A delicious diversity of fresh ingredients – radish

The first rays of sunlight and signs of warm weather have reawaken the craving for healthy and fresh meals that will give us the energy needed for pursuing all the activities and hobbies we planned on taking with the advent of spring. After somewhat heavy and high-calorie winter specialties the newly arrived fresh seasonal ingredients sold on markets make a great way to vary our diet by using raw and nourishing vegetables. Not only will the juicy, crunchy and pungent radish give every meal a dash of red, but it will also diversify the flavours and make a great spring companion to ingenious chefs when preparing almost any dish.

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Seasonal ingredients peak: March - April

Its peppery kick makes the radish an ideal vegetable for combining it with other spring ingredients. You can prepare them as a salad, side dish to meat or fish specialties, they make a perfect addition to spreads or sandwiches. If you’re planning on giving a dinner party, their decorative value will definitely garnish even the simplest of meals.

Even though the red radish is most commonly used to prepare meals in everyday cooking, there’s also the black radish. Kohlrabi, often used to prepare soups, is another member of the crucifers family. Being a true spring ingredient, the red radish a prime example of an energy bomb. In addition to being rich in calcium, vitamins, folates and diet fibres, it also functions as a powerful antioxidant, which means it enhances detoxing your bloodstream and digestive system.

Warm and cold salads

Before you prepare them, you should remove the leaves and thoroughly rinse the radishes followed by trimming off the tops and roots. The skin is edible and it’s not hard to digest. Radishes are conducive to all cutting styles so you can slice them into circles, matchsticks or quarters. They make a great addition to warm and cold salads. Depending on available ingredients, we suggest you try a classic spring variety with different kinds of salads, grilled asparagus, spring onion or chive, grated hard cheese and boiled eggs and you can use olive oil and apple cider vinegar or sour cream, mayonnaise and black pepper to make a salad dressing. Corn or grated carrot are great if you add them to salads and you can use young parsley or dill to season your salad. Radishes will make warm potato, pasta or rice salads refreshing. Herbs such as oregano and thyme go great with radishes, but you can also prepare them with fruit such as oranges or avocado.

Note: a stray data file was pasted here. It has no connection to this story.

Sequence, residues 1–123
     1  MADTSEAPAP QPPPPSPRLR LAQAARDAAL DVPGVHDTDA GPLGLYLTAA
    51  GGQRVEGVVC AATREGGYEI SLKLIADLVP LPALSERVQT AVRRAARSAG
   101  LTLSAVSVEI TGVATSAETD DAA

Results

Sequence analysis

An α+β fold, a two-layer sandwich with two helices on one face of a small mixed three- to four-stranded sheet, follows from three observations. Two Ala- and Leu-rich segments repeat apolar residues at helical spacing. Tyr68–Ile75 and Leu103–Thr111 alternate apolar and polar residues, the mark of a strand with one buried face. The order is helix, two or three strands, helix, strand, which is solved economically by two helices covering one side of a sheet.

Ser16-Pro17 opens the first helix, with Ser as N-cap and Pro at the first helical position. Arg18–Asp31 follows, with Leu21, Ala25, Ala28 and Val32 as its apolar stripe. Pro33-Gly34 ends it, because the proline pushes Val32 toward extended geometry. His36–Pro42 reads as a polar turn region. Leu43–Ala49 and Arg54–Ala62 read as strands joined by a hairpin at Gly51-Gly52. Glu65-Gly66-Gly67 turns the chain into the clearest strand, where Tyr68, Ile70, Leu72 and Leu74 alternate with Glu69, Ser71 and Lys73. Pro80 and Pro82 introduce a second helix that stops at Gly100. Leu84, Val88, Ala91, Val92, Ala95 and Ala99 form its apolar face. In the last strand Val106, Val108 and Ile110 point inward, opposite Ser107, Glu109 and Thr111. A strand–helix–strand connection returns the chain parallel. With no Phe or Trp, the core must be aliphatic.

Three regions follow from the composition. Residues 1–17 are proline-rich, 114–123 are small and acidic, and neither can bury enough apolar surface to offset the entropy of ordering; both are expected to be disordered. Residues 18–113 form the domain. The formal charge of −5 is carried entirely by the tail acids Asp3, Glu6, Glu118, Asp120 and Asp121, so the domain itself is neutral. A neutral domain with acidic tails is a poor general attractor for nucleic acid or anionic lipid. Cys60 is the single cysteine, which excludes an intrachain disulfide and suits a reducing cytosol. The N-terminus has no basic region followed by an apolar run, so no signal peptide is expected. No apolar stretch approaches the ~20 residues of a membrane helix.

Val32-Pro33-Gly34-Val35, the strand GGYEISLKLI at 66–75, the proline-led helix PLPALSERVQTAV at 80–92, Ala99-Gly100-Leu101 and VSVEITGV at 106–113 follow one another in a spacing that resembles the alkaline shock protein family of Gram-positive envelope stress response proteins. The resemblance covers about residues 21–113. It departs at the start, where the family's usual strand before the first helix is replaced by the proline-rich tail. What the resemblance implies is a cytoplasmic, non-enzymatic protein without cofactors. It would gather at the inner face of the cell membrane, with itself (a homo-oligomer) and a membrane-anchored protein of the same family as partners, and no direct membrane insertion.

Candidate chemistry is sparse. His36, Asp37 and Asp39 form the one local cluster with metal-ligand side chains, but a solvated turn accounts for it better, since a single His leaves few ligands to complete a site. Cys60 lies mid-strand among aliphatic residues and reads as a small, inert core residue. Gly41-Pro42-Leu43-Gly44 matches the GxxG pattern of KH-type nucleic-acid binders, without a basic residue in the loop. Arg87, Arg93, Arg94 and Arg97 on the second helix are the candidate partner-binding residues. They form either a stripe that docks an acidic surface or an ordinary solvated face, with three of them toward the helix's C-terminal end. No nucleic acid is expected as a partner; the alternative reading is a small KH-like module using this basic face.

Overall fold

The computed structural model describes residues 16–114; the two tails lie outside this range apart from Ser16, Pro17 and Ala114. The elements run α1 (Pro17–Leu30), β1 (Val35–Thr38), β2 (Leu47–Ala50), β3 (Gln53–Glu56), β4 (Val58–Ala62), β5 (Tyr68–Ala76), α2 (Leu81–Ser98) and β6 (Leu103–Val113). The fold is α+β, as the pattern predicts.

With their crunchy texture radishes make a great addition even to cold sandwiches. A sliced radish goes great with a sandwich containing a light cheese spread, tuna or salmon. It’s a fabulous addition to canapés with freshwater fish pâtés and you can also use them to make spring spreads by chopping it into fresh cow cheese with chive and enjoy the diverse flavours.

You can grate raw radishes and add them to cream soups to get a new texture. You’ll particularly relish the combination of radishes and broccoli cream soup. Although the first thing that comes to mind at the mention of radishes is that they’re used exclusively raw, they’re very much delicious when barbecued with other root vegetables or oven-baked with capers, carrot, potatoes and veal or other types of meat to your liking. In addition to their health benefits and nutritional values, radishes are refreshing and appetising, which is a quality important to every host.

You can have a taste of interesting radish dishes in numerous Croatian restaurants, which have long awaited the advent of spring in order to showcase their new specialties to their guests. The famous Zagreb bistro Pod zidom prepares beef tongue with parsnip sauce, raw radish salad and beetroot coulis, whereas in Zadar’s restaurant 2 ribara you can try the Mediterranean version of radish. We wholeheartedly recommend you try the octopus salad on a bed of rucola, radishes, stuffed olives and cherry tomatoes.

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